Hvasser is an island in southern Norway, a couple of hours drive south of Oslo. It is part of the Vestfold archipelago, a group of islands in the Oslofjord, the seaward entrance to Oslo. The area is littered with small rocky islands, or ‘skerries’ which were shaped and polished by glacial ice most of which are too small to inhabit.
You can reach Hvasser either by car from Oslo, or there is a main train which takes you as far as Tønsberg, then you can take a bus to Hvasser. They journey should take just over two hours and there is a bridge to the island so you no longer need to get a ferry. There is also a regional airport at Sandefjord, which is less than an hour or the area is also well serviced by ferries which is a fun way to arrive!
Today Hvasser and the surrounding skerries are home to an important range of vegetation, and marine wildlife. The area is all part of the Færder National Park, one of two of Norway’s marine national parks covering 340 sq km of mainland, islands, skerries and sea. Its long coastline means there are plenty of marine activities to enjoy. The area also has a rich culture and history, and Vestfold was an important part of Viking history with many significant Viking remains in the area.
Hvasser in Summer
Hvasser really comes into its own over the summer months. The long summer days, the stunning coastlines and the proximity to Oslo make it a popular destination for those seeking beauty and tranquillity.
Hvasser has a whole host of summer activities. From water sports and boat trips, to fishing and bird watching there is something for everyone:
Hvasser Hiking and Cycling
The area is perfect for both hiking and cycling, with long coastal paths and well-marked trails. There are two Norwegian Tourist Trails in the area and these trails are always well maintained. There is also a 30km cycle path which runs from Tønsberg to the visitor centre at Verdens Ende. Verdens Ende, or World’s End is at the southern tip of Tjøme and has a Vippefyret (an early lighthouse or beacon) built out of stones.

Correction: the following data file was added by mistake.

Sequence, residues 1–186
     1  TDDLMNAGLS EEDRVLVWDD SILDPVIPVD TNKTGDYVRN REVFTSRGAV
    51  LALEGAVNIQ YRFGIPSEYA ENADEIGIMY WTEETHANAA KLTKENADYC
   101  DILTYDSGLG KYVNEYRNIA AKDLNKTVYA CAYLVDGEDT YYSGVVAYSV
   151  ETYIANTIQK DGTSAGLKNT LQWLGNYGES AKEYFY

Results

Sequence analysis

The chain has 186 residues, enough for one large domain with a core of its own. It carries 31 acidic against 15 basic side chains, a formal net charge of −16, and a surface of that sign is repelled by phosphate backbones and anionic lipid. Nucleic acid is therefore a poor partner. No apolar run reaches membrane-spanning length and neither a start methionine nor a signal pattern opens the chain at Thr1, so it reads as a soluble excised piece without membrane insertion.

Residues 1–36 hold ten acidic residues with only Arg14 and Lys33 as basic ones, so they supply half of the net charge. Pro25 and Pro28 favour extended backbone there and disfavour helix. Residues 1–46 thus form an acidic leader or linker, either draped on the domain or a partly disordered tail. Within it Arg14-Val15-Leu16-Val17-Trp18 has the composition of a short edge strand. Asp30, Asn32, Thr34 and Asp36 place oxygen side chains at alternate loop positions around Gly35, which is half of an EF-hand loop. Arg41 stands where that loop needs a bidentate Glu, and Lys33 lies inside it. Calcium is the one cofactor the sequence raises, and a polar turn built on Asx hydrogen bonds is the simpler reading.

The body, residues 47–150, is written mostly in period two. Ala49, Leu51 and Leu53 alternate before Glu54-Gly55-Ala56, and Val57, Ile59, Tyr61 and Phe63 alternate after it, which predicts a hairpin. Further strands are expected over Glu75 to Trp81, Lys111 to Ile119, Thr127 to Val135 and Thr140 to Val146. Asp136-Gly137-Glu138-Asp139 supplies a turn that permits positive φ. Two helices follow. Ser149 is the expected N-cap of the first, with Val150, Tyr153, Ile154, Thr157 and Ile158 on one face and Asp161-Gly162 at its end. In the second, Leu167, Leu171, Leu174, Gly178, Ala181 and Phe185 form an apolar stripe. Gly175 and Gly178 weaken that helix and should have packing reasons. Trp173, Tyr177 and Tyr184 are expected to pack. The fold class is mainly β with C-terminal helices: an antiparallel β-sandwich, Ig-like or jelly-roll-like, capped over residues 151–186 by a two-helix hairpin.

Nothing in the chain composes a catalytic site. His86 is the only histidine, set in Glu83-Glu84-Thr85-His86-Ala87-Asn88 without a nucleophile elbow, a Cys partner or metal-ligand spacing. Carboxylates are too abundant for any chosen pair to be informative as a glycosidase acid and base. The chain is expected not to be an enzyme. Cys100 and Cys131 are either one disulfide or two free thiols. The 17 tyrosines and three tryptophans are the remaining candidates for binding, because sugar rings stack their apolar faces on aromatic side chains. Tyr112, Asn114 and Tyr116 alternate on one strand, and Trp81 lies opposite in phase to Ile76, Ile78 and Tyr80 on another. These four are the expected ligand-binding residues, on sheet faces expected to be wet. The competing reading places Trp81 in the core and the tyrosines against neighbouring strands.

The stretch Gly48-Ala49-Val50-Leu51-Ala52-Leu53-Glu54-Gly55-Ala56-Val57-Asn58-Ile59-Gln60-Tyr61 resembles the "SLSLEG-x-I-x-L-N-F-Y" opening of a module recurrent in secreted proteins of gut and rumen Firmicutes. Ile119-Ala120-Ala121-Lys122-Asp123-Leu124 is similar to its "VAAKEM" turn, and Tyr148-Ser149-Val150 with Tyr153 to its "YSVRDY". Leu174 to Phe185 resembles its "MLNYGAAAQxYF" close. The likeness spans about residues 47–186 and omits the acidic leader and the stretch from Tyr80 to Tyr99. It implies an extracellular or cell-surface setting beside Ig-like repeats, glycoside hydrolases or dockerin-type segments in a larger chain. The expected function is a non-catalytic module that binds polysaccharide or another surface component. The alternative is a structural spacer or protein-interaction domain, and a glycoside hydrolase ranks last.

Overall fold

Hvasser - 3.8 km round trip
Verdens Ende or ‘World’s End’ - 3.1 km round trip on Tjøme
Hvasser Watersports and Boat Trips
Kayaking is the perfect way to explore the Vestfold archipelago as you can really explore areas of the coastline that are inaccessible on foot. The seashore and shallow waters around the skerries is home to a fantastic array of flora and fauna.
There are also plenty of places you can catch a boat trip including charters, taxi boats and sailboat or rib tours.
If you are planning to go on a boat trip or to go kayaking do make sure you follow relevant water safety tips.
Hvasser has long been home to a fishing industry. There is still a working fishing terminal on the island which supplies Brødrene Berggren one of the oldest fishmongers in Norway as well as a network of other wholesalers.
Fish and seafood from the area include:
If you are planning on fishing / angling on Hvasser you must pay attention to the Norwegian regulations on recreational sea angling.
Hvasser Bird Watching
Hvasser is a popular bird watching area and a good place to catch migratory birds as they make the most of the seasons and feeding and breeding opportunities.
Hvasser Viking History
Hvasser and the Vestfold region has an extremely rich Viking history. Along the coastline you will find numerous burial grounds, and today the Viking culture is celebrated through museums, stories and both original and replica ships.
Hvasser in Winter
Hvasser is predominantly a summer location, but it still has plenty to offer in the winter months with many of the trails still open. The winter landscape is particularly beautiful and the low sun offers incredible light which is popular with photographers.